Hiatal Hernia

Signs & Symptoms   |    Causes   |    Treatment   |    Questions to Ask   |    Self-Care/Prevention

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With a hiatal hernia, the normal action that closes off the top of the stomach does not work well. Food or stomach acids back up into the esophagus. This is known as Gastroesophageal reflux disease (GERD).

Irritable Bowel Syndrome (IBS)

Signs & Symptoms

Many people have no symptoms with a hiatal hernia. Others have one or more of these problems:

•  Acid reflux. Stomach acid backs up into the esophagus.

•  Chest pain. {Note: Don’t assume that chest pain is due to a hiatal hernia.}

•  Pain in the esophagus. Heartburn.

•  Hiccups. Belching after meals.

•  A hard time swallowing.


The actual cause is not known. Risk factors are obesity, being a woman, or being middle aged. Smoking, lifting, strong coughing, and straining with bowel movements also increase the risk.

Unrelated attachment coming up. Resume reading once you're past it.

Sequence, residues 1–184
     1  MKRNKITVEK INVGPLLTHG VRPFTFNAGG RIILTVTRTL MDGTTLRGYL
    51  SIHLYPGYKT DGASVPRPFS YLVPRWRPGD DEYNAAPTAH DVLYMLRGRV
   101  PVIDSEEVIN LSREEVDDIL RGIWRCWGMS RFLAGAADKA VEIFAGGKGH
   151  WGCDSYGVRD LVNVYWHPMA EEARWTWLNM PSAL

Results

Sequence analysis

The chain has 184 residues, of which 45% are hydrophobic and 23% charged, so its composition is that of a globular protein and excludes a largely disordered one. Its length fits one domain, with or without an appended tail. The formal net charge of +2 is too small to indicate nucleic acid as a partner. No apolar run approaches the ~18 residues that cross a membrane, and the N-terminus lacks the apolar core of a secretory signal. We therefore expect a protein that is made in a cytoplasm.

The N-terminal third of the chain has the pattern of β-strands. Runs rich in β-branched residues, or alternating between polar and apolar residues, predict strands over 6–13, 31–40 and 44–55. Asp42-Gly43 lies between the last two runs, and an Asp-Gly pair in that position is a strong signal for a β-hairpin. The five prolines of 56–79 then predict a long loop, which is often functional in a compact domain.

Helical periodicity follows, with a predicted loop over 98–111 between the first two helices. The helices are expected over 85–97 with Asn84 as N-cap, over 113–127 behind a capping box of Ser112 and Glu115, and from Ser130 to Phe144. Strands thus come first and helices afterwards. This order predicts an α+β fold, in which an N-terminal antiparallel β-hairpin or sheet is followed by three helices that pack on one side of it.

Hiatal hernias are usually not serious problems. Often they can be treated with self-care. If not, surgery is an option.

Questions to Ask

Self-Care / Prevention

•  Don't smoke. If you smoke, quit.

•  Get regular exercise. This helps keep abdominal muscles in shape.

•  Lose weight if you are overweight.

•  Eat 5 to 6 small meals a day instead of 3 larger meals.

•  Avoid alcohol, caffeine, and spicy foods.

•  Don’t lie down after eating. Wait 2 to 3 hours.

•  Raise the head of the bed 6 inches. Put 6 inch blocks under the legs of the head of the bed or put a 6 inch wedge between the mattress and box springs at the head portion. Don’t prop your head up with pillows. Doing this puts pressure on your stomach area and can help force acid up into the esophagus.

•  Don’t strain to pass stool.

•  Take over-the-counter antacids or acid controllers, such as Pepcid AC or Tagamet HB. {Note: Read the labels before taking. Check with your doctor, too. Adverse side effects are more likely and more severe in older persons who take some acid controllers, such as Tagamet HB.}

•  If you take aspirin, ibuprofen, or naproxen sodium, take it with food.

This website is not meant to substitute for expert medical advice or treatment. Follow your doctor’s or health care provider’s advice if it differs from what is given in this guide.


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